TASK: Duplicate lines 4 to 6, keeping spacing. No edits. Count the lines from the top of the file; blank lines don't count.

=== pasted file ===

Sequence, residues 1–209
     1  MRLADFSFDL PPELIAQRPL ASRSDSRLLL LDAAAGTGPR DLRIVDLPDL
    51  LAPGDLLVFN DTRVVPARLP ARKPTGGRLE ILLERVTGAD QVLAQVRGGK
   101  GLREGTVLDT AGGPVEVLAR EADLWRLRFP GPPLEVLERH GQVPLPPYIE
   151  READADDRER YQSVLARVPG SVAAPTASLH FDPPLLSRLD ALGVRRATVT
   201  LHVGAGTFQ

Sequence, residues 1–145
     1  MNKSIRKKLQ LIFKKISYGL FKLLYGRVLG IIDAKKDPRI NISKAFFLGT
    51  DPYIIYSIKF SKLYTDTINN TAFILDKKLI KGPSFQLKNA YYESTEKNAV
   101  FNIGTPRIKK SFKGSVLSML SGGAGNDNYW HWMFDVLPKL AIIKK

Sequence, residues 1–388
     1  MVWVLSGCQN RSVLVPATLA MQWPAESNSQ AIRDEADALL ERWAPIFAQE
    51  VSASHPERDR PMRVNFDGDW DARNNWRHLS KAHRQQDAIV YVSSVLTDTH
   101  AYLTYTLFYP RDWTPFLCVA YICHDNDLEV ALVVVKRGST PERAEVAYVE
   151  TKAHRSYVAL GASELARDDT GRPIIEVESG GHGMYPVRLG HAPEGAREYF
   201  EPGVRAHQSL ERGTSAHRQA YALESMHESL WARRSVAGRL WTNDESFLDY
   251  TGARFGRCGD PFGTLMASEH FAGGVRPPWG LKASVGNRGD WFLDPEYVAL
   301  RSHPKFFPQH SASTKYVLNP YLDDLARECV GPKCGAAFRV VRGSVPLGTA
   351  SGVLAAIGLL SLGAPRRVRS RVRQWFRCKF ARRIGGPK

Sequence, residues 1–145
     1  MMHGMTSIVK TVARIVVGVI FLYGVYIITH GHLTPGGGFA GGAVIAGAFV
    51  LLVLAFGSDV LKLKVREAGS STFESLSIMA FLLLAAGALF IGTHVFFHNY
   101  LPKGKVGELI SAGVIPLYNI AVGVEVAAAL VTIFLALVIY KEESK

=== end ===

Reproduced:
   101  GLREGTVLDT AGGPVEVLAR EADLWRLRFP GPPLEVLERH GQVPLPPYIE
   151  READADDRER YQSVLARVPG SVAAPTASLH FDPPLLSRLD ALGVRRATVT
   201  LHVGAGTFQ